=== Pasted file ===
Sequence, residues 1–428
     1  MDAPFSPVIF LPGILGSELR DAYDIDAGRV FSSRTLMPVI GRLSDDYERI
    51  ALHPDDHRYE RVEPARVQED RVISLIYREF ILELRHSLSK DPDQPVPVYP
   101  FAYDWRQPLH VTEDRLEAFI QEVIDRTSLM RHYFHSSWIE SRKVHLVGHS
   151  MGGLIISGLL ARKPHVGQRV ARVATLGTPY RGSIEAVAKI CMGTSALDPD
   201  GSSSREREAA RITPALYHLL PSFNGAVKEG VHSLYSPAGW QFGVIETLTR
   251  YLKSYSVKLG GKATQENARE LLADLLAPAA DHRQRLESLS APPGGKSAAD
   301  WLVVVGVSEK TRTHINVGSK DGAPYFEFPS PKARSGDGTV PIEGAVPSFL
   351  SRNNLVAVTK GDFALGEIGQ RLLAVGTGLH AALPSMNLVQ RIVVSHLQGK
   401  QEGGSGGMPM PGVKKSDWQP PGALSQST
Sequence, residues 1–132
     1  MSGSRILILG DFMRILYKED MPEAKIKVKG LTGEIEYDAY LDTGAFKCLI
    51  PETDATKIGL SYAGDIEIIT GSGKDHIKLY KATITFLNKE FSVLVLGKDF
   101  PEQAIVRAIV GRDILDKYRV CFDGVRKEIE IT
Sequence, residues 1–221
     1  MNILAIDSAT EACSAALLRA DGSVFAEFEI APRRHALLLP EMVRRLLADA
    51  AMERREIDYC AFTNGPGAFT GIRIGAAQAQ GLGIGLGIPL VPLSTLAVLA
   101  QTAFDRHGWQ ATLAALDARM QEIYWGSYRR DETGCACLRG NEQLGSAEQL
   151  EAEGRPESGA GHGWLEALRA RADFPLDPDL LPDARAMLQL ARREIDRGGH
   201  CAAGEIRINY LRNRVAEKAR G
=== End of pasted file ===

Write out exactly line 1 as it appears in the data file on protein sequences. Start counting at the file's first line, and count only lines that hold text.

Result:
Sequence, residues 1–428